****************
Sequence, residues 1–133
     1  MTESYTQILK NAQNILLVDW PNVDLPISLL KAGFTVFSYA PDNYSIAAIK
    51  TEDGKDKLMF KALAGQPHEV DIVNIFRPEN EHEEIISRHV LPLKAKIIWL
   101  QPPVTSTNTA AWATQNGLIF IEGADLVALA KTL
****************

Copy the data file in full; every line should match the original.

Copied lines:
Sequence, residues 1–133
     1  MTESYTQILK NAQNILLVDW PNVDLPISLL KAGFTVFSYA PDNYSIAAIK
    51  TEDGKDKLMF KALAGQPHEV DIVNIFRPEN EHEEIISRHV LPLKAKIIWL
   101  QPPVTSTNTA AWATQNGLIF IEGADLVALA KTL